All content of this blog is my own opinion only. It does not represent the views of any organisation or association I may work for, or be associated with. Nothing within this blog should be considered as medical advice and you should always consult your Doctor.

How tongue tie division changed our life

Louie was born on the September 2010 by elective c section at 37 weeks, weighing 7lb 15oz.  I was warned of several potential problems at delivering the baby so early, such as-breathing issues, sleepy baby, jaundice etc, but because I had a T cut section with my 2nd son I was not able to go further than 37 weeks.  I had steroids to mature Louie’s lungs at 36 weeks.
There were no issues at all when he was born, the c section was lovely and calm, he had skin to skin in theatre and other than being cold at birth he was in great condition.  He was very sleepy after the birth but I was told to wake him up to feed every 3 hours.  He had jaundice until he was 7 weeks old, this was checked by a paediatrician and I was told breast fed babies can have jaundice until 16 weeks.
In the early days Louie was a frequent but very quick feeder, he fed well for a few minutes but then fell asleep at the breast, I put this down to him being a 37 week baby who was sleep and assumed he would ‘wake up’ and be more alert by his official due date.  Louie co slept and partially shared my bed from the beginning.
Louie did ‘wake up’ but it soon became apparent he was not a very happy/settled baby, feeding became a nightmare.  I have fed 2 other children, exclusively for 6 months and continued up to a year and never have experienced anything like how Louie fed.  I became very sore, not bleeding nipples but a terrible burning sensation that lasted throughout the whole feed, I thought I may have thrush but this was never diagnosed and I think I just got used to the feeling.  I also put it down to him feeding every hour, day and night (my nipples never had chance to recover!) I never really questioned how often he fed, although I was told to try and push him further on or offer him formula top ups but I didn’t because I’ve always taken the attitude that in much the same way as I don’t feed every 4 hours then neither do babies and again I kept thinking that it was because he was born early and things would improve.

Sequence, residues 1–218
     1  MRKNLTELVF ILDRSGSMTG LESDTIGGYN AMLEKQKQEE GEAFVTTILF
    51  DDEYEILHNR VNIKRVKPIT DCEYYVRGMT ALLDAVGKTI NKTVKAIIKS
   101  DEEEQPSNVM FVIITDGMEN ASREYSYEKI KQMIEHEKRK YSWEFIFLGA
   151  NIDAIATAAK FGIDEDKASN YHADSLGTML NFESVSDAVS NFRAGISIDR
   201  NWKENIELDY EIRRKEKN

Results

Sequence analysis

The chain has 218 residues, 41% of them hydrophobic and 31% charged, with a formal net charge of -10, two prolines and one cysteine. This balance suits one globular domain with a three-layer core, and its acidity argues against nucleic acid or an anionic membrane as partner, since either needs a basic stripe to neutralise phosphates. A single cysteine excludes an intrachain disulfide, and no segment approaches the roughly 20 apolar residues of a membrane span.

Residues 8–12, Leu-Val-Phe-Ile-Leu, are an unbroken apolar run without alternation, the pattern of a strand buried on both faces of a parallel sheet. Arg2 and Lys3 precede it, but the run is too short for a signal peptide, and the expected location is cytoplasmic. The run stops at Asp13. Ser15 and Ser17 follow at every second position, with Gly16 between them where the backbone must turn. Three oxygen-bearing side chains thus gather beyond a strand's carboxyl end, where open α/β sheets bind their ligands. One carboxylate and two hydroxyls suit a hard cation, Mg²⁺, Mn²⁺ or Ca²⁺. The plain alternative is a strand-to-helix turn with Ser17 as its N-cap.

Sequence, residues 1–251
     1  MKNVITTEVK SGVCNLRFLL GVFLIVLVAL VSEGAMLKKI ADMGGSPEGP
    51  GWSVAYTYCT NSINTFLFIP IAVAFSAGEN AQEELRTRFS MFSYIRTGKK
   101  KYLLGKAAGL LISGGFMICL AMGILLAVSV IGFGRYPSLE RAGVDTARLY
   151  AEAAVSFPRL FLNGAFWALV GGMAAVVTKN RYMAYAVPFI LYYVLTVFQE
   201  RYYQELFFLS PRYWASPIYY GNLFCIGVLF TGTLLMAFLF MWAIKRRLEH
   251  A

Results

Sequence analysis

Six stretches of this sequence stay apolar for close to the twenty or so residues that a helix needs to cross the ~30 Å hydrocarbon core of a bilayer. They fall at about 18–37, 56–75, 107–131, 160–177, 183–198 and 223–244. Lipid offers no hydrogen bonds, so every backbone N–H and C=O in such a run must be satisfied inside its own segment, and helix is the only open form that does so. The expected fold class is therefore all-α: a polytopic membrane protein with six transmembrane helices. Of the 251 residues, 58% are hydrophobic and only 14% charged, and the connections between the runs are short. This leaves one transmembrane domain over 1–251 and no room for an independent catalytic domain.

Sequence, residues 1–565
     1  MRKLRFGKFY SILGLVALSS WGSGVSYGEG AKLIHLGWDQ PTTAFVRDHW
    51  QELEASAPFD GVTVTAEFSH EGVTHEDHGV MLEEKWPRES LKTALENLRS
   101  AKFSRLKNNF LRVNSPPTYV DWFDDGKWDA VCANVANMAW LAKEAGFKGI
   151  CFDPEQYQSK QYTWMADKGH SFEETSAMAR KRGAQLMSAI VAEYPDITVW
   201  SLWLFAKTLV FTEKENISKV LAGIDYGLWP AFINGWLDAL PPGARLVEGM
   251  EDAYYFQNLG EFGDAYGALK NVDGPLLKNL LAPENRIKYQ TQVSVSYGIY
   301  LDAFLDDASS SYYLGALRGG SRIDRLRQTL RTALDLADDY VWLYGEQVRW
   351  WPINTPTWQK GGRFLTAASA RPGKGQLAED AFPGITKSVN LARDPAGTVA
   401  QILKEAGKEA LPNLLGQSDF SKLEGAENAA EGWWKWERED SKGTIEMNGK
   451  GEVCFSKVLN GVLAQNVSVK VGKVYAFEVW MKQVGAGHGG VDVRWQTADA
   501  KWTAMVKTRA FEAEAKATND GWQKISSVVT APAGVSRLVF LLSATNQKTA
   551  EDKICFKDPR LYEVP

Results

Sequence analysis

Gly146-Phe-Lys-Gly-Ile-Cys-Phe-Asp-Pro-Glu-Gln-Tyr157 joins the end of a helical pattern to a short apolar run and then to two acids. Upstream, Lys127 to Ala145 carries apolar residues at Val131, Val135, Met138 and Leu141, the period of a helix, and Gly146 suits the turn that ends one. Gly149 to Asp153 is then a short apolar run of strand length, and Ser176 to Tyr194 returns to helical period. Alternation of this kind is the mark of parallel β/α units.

Louie consistently gained weight (I was even told he was obese and I should formula feed him as this would mean I could regulate how much he fed, which is utter rubbish as he was born on the 25th centile and is still on it now) although he never had a big growth spurt as my others have.
Not only was Louie a frequent feeder but he was also a distressed feeder, he would wriggle, squirm, writhe, arch his back and fight me until finally becoming so distressed and hysterical that I had to stop feeding  and cuddle him until he calmed down – he was described as a “typical reflux baby”.  it was just a case of ‘riding it out’ as unfortunately nothing I or anyone else did could soothe him; after he had calmed down he would feed ok, still wriggly and almost uncomfortable but he would take some milk.
Afterwards he would be sick, (I had to have a bath towel to cover him and me) and full of wind.  At 7 months the  most he had ever slept on a night is 3 hours and this was very rare.  Throughout the night we had to cope with several screaming fits and again had to ride these out by cuddling him and swaddling him.  Louie spent much of the day crying and was very rarely content.  We tried a sling, Cranial Osteopathy, tilted mattress, infant gaviscon etc but nothing worked.

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